By Rob Jenkins
October 7, 2002, p. 23.
A few weeks ago, Oxfam launched a campaign to publicise the plight of coffee farmers in poor countries. It was right to do so. Large international retailing firms are making huge profits while small-scale growers face economic ruin.
Oxfam's Coffee Rescue Plan proposes that the big coffee companies finance the destruction of excess coffee stocks (to increase prices), and fund programmes to help farmers diversify into new livelihoods. These and other proposals are well worth investigating.
What is most notable about Oxfam's diagnosis of the coffee crisis, however, is what it does not mention: free trade. Many would not expect it to. Even The Economist recently referred to Oxfam as an opponent of free trade.
Oxfam is in fact a vocal advocate of liberalising agricultural trade. It agrees with Horst Kohler, chief of the International Monetary Fund, that "protectionism in industrial countries is the core problem in the fight against poverty". Oxfam reiterated its position the week after launching its coffee campaign, with a report on the adverse effects of US export subsidies on African cotton farmers.
It is indisputable that trade barriers imposed by governments in rich countries, including the lavish subsidies paid to farmers, exclude the vast majority of developing country exports from these markets. This is a glaring example of rich countries' hypocrisy - demanding that poor countries open their markets, while clamping shut their own.
But, ironically, in their zeal to expose this double-standard, critics of western protectionism have embraced a rather extreme faith in the power of free markets to cure the ills of poor farmers in Asia, Africa and Latin America.
Oxfam admits that coffee farmers in the developing world face neither western trade barriers nor producer subsidies. What it will not admit is the logical implication of this. The lesson Oxfam should be drawing from the coffee crisis is that even when markets in rich countries are not closed, farmers in developing countries suffer anyway.
Coffee farmers are, as Oxfam points out, very vulnerable to fluctuations in global output, as well as to price manipulation by international conglomerates. They are also easy prey for local middlemen and corrupt officials.
The relatively barrier-free trading environment for coffee has not been the boon for small farmers that neoliberal economics predicted. So why is it that opening rich-country markets for other agricultural products will allow farmers of those crops not only to escape the same disastrous effects, but to actually free themselves from poverty?
One plausible answer is that coffee is a special commodity, in which the price-setting power of international firms is particularly awesome. Maybe, but many of the same powerful forces will bear down on farmers of non-coffee crops once these sectors are liberalised. After all, the main proponents of agricultural liberalisation - the Cairns Group of exporting countries - are closely allied with large agribusiness firms who are no more committed to the welfare of small farmers than Nestle and the other firms targeted by Oxfam's coffee campaign.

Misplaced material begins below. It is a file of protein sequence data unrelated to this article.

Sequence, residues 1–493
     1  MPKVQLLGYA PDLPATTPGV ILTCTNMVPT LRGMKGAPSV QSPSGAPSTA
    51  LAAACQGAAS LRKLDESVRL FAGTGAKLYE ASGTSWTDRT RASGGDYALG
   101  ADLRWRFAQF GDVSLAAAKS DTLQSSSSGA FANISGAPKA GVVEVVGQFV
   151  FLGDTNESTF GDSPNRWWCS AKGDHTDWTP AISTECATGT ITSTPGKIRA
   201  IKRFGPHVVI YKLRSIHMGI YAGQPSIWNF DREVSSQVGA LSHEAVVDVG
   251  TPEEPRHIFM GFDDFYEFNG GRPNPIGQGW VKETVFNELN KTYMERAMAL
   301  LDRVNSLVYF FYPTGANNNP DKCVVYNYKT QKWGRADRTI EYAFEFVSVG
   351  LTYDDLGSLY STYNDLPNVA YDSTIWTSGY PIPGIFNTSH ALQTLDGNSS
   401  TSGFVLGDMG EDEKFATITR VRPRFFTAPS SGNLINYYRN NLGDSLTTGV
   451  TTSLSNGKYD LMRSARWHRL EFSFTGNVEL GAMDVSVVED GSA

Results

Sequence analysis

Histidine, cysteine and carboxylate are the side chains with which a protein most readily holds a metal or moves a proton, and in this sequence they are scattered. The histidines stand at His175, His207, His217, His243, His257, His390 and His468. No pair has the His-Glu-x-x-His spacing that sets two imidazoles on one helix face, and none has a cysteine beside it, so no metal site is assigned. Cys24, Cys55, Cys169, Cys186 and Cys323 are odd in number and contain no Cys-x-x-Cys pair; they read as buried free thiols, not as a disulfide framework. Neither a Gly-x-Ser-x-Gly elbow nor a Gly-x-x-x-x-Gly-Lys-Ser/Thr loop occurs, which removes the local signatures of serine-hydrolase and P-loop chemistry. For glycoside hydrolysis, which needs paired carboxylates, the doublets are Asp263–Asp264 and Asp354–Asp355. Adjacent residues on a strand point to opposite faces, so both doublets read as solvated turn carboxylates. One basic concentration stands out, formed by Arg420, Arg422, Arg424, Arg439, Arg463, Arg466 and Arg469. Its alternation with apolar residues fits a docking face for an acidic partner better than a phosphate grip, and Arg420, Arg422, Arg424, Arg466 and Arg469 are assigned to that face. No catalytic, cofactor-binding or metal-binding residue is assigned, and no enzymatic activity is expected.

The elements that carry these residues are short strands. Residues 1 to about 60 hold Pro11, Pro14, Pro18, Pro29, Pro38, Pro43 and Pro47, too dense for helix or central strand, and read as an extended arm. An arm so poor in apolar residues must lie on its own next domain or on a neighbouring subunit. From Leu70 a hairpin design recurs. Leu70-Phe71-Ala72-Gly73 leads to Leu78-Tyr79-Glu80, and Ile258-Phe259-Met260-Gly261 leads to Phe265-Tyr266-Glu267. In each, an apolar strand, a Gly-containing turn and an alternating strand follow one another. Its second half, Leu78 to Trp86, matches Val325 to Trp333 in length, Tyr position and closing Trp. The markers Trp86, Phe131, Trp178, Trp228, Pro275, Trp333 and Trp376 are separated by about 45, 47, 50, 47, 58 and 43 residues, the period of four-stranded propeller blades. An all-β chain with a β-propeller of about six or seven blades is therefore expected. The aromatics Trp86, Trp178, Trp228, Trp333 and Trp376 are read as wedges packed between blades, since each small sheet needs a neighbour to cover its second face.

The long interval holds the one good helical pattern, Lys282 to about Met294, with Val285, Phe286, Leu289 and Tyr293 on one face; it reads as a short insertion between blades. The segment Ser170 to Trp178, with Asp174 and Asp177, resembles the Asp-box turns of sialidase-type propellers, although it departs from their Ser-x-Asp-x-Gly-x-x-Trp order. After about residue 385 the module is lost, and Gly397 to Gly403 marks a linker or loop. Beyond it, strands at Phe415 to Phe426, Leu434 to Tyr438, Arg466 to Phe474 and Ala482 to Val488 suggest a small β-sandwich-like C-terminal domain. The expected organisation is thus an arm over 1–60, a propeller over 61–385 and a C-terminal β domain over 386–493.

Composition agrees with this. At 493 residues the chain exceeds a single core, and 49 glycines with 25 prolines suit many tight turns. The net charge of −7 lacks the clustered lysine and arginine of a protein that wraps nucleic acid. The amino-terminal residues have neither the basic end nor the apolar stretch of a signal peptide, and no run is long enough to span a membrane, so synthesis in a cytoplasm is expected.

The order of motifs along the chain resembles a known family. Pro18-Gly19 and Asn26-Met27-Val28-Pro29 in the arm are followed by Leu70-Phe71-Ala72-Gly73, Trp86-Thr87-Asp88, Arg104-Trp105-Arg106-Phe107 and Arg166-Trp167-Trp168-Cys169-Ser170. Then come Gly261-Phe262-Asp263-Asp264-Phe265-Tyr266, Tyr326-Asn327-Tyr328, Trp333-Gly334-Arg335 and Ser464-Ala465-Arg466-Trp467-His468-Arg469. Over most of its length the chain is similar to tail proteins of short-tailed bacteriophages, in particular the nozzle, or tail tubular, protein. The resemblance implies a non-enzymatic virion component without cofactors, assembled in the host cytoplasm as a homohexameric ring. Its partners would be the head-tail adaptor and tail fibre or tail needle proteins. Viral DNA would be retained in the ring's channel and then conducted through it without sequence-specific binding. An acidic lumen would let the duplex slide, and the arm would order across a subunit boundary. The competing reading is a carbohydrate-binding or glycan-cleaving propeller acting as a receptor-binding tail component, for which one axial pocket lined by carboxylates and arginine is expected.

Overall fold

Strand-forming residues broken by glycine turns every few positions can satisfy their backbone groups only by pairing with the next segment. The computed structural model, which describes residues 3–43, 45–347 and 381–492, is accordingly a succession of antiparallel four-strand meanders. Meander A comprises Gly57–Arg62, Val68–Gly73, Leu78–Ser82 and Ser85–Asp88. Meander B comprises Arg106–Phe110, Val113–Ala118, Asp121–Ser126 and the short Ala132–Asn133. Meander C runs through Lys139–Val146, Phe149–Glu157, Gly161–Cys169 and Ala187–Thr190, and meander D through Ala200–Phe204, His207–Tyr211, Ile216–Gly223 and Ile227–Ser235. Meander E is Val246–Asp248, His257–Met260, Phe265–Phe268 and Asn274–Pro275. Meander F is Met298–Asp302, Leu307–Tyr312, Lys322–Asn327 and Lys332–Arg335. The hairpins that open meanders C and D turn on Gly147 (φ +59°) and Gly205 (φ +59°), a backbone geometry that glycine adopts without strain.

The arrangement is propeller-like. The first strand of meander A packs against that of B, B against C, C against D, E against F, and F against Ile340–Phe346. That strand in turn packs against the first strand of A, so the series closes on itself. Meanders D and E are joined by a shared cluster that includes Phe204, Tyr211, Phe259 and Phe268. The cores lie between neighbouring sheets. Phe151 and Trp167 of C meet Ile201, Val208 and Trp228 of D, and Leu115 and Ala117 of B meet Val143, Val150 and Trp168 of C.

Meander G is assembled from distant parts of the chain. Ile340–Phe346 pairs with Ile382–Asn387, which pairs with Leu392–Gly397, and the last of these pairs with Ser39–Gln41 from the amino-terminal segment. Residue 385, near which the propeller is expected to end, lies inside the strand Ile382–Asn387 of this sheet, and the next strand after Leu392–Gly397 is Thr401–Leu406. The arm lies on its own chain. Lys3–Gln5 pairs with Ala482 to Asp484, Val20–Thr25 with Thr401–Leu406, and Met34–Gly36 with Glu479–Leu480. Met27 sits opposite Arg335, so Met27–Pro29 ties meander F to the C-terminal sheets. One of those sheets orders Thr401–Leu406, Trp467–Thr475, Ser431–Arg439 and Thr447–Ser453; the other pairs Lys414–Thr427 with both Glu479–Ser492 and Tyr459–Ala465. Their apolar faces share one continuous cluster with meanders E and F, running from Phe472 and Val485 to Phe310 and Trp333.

Another seemingly plausible reason why non-coffee farmers will avoid coffee farmers' dismal fate once the trade barriers erected against them are dismantled, is that coffee farmers face the extra burden of being unable to switch to the production of other crops. Why? Because western markets are closed to these crops. Once all commodities are freed from trade restrictions farmers will be able to shift into the most profitable crops, liberating them from the clutches of predatory traders and officials. This sounds like a neat squaring of the circle until we realise that even in the high church of neoliberalism - the World Bank - there is growing recognition of the enormous obstacles preventing poor farmers shifting cropping patterns. This is in addition to the risk of price-depressing gluts when exporting countries switch en masse into trendy crops.
Oxfam is right to seek a fairer deal for poor farmers by promoting non-market based solutions, which is what its Coffee Rescue Plan amounts to.
But it should go further by abandoning its support for the currently fashionable orthodoxy - shared by almost every mainstream development organisation, official or non-governmental - that poor farmers will trade their way out of poverty if protectionist barriers are removed.
It is understandable that Oxfam is enjoying its new-found standing with the Washington institutions which came with its embrace of market orthodoxy. Throw in the chance to continue berating the US and the EU for their undoubted hypocrisy on agricultural trade, and it is all just too alluring for a brand-conscious NGO to resist.
But the time has come for Oxfam to wake up and smell the coffee on free trade: its ability to contribute to sustainable poverty reduction has been grotesquely oversold.
Rob Jenkins is Professor of Political Science at Birkbeck College, University of London. He is currently directing a research project on the WTO and poverty, funded by the Department for International Development. The views expressed are his own.